Fl. Bor.-Amer. 1: 154. 1803.
Shrubs, deciduous, 0.4–0.7 m. Stems erect to ascending, not rooting at nodes; branchlets reddish green or yellow-green, not thorn-tipped, round in cross-section, flexible, usually puberulent, sometimes strigillose. Leaves often fascicled; petiole 0.5–1 mm; blade flat, elliptic, ovate-elliptic, or narrowly obovate, 2–10 × 1–6 mm, base cuneate, margins entire or weakly denticulate distally, not wavy, teeth 5–9, apex rounded or obtuse, abaxial surface pale green, puberulent on veins, adaxial surface green, glabrous; pinnately veined or 3-veined from base (venation obscure). Inflorescences axillary or terminal, umbellike or ± racemelike, 1–3 cm. Flowers: sepals, petals, and nectary white. Capsules 3–4.5 mm wide, lobed; valves smooth, not crested.
Phenology: Flowering Mar–Jun.
Habitat: Sandy flats, shrublands, pine-oak woodlands.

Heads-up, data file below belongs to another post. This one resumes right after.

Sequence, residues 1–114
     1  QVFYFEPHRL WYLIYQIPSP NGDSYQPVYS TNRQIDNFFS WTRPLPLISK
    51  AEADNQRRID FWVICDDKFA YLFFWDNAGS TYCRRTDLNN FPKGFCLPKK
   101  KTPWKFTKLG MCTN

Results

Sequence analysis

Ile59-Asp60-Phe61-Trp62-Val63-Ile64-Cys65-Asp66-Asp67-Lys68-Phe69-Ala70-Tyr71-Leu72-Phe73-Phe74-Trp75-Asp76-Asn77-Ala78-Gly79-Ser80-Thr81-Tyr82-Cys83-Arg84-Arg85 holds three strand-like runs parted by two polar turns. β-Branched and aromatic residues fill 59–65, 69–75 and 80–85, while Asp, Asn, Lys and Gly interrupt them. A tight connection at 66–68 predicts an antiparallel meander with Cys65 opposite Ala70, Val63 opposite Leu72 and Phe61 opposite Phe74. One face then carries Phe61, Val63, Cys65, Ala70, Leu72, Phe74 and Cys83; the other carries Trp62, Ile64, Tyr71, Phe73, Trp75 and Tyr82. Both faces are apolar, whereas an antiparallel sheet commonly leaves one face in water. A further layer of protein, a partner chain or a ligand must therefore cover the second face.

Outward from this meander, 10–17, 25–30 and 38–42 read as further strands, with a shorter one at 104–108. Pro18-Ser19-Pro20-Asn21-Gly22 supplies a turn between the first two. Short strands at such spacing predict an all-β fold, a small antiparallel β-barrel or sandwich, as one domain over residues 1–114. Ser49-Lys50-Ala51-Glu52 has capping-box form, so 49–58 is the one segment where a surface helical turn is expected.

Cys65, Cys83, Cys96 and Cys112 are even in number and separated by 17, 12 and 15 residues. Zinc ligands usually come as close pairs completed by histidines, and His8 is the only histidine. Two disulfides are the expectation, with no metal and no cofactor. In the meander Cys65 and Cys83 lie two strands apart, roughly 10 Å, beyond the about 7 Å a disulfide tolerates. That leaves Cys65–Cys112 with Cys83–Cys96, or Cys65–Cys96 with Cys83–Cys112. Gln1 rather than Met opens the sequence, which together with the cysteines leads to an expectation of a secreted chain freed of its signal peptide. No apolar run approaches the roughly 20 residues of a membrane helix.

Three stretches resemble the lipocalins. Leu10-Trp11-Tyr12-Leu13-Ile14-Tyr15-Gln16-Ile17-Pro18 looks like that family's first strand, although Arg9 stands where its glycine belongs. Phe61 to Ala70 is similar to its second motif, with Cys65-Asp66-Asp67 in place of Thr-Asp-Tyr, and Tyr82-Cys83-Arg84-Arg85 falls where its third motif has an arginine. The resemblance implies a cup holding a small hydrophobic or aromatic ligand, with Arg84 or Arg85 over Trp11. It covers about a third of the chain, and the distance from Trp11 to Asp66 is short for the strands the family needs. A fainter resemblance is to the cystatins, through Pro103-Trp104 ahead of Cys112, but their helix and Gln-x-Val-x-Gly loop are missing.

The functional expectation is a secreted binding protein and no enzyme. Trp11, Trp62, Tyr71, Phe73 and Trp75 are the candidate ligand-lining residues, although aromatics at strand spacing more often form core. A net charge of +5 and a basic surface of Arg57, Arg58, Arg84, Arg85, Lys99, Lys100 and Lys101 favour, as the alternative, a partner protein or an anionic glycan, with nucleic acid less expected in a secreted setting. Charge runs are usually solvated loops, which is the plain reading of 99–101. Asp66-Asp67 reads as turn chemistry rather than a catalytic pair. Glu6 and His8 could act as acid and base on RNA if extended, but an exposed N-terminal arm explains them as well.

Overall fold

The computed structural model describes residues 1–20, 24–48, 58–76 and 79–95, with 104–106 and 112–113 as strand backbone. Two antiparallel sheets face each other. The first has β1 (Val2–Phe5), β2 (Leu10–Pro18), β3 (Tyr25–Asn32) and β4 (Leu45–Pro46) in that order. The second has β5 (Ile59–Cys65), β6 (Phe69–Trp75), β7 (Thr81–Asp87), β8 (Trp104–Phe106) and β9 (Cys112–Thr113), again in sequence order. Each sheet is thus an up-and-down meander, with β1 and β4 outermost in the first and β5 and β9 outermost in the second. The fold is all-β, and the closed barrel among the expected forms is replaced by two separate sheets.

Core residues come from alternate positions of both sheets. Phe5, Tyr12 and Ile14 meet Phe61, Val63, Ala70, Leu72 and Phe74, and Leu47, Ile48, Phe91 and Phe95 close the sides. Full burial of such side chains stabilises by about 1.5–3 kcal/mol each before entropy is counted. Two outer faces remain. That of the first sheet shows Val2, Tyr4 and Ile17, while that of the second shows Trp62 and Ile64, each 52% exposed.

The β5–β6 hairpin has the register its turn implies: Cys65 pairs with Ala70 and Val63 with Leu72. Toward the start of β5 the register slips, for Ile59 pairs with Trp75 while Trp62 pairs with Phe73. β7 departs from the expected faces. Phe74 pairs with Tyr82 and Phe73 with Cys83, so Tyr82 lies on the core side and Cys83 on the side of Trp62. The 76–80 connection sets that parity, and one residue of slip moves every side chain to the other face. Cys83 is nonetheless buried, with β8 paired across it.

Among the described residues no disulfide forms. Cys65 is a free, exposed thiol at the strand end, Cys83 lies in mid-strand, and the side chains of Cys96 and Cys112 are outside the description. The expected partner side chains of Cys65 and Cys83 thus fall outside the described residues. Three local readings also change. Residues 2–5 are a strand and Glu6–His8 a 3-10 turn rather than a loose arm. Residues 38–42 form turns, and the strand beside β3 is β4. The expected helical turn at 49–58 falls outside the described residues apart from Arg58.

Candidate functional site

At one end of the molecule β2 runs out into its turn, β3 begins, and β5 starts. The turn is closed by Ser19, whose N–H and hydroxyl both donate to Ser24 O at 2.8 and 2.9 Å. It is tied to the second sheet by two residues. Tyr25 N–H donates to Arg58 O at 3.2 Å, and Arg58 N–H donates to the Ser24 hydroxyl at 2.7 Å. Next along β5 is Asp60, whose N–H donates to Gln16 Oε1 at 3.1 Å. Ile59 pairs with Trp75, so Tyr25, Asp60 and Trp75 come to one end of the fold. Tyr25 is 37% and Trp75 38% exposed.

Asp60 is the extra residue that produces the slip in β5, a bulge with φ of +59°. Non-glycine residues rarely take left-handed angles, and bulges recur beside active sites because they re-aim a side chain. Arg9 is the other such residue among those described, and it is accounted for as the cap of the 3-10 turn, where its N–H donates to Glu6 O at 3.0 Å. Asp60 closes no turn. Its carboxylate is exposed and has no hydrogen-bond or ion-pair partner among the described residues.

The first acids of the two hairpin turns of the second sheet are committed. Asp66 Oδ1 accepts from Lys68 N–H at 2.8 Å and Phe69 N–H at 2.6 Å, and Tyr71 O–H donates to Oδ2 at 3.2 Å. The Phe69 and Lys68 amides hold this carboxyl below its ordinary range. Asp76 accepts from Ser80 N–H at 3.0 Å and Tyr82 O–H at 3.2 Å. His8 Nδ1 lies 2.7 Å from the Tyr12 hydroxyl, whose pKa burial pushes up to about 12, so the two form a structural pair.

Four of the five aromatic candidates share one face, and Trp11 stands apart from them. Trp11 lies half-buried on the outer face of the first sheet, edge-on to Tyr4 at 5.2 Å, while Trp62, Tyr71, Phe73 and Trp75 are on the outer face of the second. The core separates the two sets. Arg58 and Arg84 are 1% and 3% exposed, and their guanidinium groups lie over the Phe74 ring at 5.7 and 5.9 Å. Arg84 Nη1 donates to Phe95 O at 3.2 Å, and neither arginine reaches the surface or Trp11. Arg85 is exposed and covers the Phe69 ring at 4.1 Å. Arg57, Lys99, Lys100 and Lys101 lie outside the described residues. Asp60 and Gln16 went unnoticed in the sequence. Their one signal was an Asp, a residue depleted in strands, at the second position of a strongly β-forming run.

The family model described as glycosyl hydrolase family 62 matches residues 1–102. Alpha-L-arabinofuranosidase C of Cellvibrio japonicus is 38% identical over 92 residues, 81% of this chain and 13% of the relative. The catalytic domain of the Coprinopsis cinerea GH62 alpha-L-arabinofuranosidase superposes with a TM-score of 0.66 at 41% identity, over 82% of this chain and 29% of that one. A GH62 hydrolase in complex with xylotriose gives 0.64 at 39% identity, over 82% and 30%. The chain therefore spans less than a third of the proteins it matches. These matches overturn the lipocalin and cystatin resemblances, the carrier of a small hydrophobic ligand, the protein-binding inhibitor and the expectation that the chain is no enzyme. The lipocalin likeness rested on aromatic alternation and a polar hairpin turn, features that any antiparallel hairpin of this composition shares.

Elevation: 0–200 m.
Ala., Fla., Ga.
Short-statured plants of Ceanothus microphyllus with ovate-elliptic leaves, evident venation, and racemelike inflorescences have been called C. serpyllifolius (M. Van Rensselaer and H. McMinn 1942; W. H. Duncan and J. T. Kartesz 1981). Ceanothus serpyllifolius is treated here as part of C. microphyllus, because of continuous variation in leaf size, shape, and inflorescence architecture. Ceanothus serpyllifolius also has been applied to small-leaved, short-statured plants of C. americanus, some of which may be hybrids between that species and C. microphyllus (N. C. Coile 1988).
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